6. Pippi Longstocking. In June I did an event at Parentbooks in celebration of The M Word, where I got to talk about mothers in children’s books. I chose Pippi Longstocking by Astrid Lindgren because we learn in the first couple of pages that her mother is dead and looking down from the clouds at her wayward, fantastically strange and weirdly competent daughter. Who is more interesting, more prone to accident and awesome antics? Pippi, or her clean, law-abiding, next door neighbours, Tommy and Annika?
Tommy would never think of biting his nails, and he always did exactly what his mother told him to do. Annika never fussed when she didn’t get her own way, and she always looked so pretty in her little well-ironed cotton dresses; she took the greatest care not to get them dirty.
(I wonder: Who is ironing those dresses?) Pippi, on the other hand, sails with her father on the high seas, makes her own clothes, straps scrub brushes on her feet to mop the floor, has a pet monkey, puts bullies in their place, and is so strong she can lift her horse down — one-handed — from the porch. Proof that sometimes a writer needs to get the mother out of the way for her protagonist to thrive. And, for a parent, proof that sometimes the mother needs to get herself out of the way for the child to forge her own way.
7. The Old School Concert series at South in Milford. I have some friends who up and sold their house in the city to buy and live in an abandoned school in the country. A school. Not a school house, all one-room and quaint, a one-storey, 1960s sprawler of a school. They are renting part of it out to tourists, and the rest they are using as a backdrop for some of their long held fantasies. Last week, they held the first in a series of concerts in their gym. It was like a cross between a grade eight dance and a town hall meeting and a basement bar show. Jenny Whitely and her husband Joey Wright played many of their wonderful originals – and a gorgeous cover of this song by Jesse Winchester, which is all about how our vulnerability is our strength. Right on.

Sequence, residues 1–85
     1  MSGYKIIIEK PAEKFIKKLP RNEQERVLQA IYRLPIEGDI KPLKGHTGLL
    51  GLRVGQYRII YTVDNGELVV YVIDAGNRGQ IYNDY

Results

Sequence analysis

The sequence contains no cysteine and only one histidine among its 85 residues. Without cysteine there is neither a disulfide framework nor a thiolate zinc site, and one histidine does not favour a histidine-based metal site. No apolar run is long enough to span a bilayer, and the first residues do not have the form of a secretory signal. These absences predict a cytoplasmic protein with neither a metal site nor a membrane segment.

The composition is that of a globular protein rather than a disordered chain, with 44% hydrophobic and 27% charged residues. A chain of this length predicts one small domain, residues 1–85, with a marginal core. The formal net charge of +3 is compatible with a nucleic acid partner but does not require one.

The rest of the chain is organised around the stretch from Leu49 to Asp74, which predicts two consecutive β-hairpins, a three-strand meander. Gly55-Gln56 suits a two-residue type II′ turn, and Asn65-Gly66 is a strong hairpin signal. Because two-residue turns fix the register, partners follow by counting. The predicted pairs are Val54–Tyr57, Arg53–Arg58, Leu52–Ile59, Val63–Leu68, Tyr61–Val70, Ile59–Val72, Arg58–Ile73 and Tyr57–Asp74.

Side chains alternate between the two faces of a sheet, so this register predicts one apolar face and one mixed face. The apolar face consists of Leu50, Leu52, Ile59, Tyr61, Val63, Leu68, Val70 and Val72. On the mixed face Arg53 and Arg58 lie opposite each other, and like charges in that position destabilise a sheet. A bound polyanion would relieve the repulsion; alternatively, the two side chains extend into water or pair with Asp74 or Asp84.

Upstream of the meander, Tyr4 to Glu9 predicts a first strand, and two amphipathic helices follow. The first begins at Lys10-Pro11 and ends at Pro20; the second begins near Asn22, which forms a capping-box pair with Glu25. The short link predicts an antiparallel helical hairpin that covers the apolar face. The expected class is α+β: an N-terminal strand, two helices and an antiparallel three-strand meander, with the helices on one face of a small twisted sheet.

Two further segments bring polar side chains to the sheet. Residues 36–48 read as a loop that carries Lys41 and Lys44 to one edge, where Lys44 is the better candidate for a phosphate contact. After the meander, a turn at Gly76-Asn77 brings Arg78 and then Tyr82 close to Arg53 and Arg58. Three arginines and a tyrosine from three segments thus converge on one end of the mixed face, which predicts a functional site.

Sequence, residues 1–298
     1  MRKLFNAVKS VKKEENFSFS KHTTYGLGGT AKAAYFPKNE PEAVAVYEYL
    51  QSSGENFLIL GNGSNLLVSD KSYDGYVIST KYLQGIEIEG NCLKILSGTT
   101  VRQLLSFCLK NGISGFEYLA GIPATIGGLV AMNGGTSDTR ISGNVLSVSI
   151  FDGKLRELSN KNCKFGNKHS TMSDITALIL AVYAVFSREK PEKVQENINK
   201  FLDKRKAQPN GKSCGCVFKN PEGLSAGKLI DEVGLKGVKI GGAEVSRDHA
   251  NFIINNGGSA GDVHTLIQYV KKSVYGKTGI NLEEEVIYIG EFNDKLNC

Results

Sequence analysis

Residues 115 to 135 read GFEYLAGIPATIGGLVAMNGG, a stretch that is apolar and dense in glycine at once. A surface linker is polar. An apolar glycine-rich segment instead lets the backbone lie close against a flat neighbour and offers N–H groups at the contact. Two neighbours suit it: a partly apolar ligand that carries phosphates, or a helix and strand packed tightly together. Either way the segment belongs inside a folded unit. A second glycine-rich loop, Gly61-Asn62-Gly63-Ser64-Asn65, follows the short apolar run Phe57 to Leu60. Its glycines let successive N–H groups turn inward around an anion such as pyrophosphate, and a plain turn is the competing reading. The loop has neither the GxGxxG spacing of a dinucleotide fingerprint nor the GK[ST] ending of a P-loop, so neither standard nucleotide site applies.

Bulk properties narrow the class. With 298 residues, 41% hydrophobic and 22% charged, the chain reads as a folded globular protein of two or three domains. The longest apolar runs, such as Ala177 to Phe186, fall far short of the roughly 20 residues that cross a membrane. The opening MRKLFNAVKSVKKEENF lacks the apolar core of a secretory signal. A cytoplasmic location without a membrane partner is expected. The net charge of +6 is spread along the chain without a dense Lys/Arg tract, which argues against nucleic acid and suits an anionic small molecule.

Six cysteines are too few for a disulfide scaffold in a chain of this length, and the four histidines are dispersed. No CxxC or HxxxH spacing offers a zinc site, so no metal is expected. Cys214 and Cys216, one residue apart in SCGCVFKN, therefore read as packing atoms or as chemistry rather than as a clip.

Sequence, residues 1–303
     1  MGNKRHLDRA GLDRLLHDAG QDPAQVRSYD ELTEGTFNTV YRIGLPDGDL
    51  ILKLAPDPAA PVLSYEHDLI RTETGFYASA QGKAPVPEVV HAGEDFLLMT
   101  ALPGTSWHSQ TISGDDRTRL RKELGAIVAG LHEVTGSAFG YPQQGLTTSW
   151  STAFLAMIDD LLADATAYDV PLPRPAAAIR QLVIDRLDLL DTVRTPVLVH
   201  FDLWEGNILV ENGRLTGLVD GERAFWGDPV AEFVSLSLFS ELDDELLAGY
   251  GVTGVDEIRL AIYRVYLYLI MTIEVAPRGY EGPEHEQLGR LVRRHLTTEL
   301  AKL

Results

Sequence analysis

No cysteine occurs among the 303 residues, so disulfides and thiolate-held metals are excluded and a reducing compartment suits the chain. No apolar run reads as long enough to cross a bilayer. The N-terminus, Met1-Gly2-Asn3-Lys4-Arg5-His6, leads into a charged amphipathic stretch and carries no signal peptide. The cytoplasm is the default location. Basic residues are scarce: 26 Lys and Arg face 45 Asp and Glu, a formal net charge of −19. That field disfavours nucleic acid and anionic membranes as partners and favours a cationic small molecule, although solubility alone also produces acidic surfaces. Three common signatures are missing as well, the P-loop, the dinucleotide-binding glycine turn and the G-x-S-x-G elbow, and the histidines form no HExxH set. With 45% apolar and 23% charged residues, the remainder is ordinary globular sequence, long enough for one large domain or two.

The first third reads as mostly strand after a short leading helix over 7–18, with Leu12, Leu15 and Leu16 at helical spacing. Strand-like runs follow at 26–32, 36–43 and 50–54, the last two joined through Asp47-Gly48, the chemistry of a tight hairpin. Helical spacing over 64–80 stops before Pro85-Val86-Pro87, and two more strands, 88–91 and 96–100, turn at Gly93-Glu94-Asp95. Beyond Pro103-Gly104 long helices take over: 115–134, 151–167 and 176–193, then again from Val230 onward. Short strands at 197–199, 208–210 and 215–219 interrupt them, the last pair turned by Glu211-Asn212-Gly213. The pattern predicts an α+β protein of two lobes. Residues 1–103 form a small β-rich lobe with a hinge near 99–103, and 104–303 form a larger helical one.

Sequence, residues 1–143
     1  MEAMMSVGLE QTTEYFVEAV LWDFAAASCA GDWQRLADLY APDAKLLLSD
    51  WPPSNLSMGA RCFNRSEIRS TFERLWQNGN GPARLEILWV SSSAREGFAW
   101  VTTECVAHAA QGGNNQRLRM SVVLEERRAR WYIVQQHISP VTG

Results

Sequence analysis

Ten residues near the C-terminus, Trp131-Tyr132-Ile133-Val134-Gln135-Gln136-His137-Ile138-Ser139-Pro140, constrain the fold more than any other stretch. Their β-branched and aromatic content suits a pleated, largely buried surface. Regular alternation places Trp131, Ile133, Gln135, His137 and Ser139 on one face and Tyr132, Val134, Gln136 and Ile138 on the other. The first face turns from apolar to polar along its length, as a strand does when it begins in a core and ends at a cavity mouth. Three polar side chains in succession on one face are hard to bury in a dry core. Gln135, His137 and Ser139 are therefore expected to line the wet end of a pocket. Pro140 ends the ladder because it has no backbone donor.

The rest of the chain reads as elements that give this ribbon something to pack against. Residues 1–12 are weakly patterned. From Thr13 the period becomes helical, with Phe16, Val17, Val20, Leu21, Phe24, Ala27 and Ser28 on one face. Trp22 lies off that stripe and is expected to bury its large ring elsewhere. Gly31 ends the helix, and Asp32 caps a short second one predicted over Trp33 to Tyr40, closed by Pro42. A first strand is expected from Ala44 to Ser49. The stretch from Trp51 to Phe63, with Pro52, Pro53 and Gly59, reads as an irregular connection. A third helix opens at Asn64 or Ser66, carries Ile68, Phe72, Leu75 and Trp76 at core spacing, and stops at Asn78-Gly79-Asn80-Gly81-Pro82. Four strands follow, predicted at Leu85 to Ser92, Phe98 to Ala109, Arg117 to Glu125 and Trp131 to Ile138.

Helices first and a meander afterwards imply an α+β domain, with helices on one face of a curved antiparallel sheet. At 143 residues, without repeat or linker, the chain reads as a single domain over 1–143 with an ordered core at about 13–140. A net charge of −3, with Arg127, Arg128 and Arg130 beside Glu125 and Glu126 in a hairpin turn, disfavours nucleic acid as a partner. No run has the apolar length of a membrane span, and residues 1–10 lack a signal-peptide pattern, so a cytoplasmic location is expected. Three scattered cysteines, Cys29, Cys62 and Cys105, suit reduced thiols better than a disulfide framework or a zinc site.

8. My youngest daughter says No all the time. When I ask her if No is her favourite word, she says No. This is intensely annoying but I admire her endurance and consistency.
Oh, summer time. When a person who usually spends a lot of time in a (real) school has time to think about such things.
I just finished reading Irma Voth by Miriam Toews. I absolutely adored this book. It is lovely and funny/sorrowful and it’s about sisters and the shifting boundaries of the self and the ways in which art imitates and improves life and is sometimes absolutely inadequate and often the solution to everything — at least for an important moment. And, oh, it asks so many good questions. Here’s an excerpt:
I was rejoicing silently in my heart. I had asked a good question, I had asked a good question of someone I was trying to be friends with as opposed to myself. A question that had breath attached to it, that had left my own body. Jorge told me not to ask questions, he hated them, he could always tell when I was about to ask one and he’d put his hand up and say no, please. Please. Was I betraying Jorge by asking a good question of Wilson?
Those people who know me know that Deborah Eisenberg is one of my literary idols and an unofficial writerly mentor. I was first introduced to her work when I was studying at Literature and Creative Writing at Concordia University in Montreal in the mid-nineties, and recently enamored of the short story form. I read one of her stories and had a ‘Oh! The beauty! Now I can die. /No point living (writing) any longer.’ moment. She was so good; she made things spark and spiral in my mind. She plumbed the depths and measured the breadth of her characters in amazing and elastic story shapes. How could I write anything that would even come close? I couldn’t. I was paralyzed by awe. But the problem remained; I still wanted to write. So I went back to her stories with a larger measure of humility and what I hoped was a craftsperson’s openness. I wanted to be transported AND to learn.
In 2006, I had the opportunity to e-interview Eisenberg about her most recent collection Twilight of the Superheroes. The interview (along with a review) was posted on the now (sadly, sadly) defunct, Bookninja. Here is an excerpt wherein she explores notions of causality and character. The story she is referencing is the excellent ‘Window’: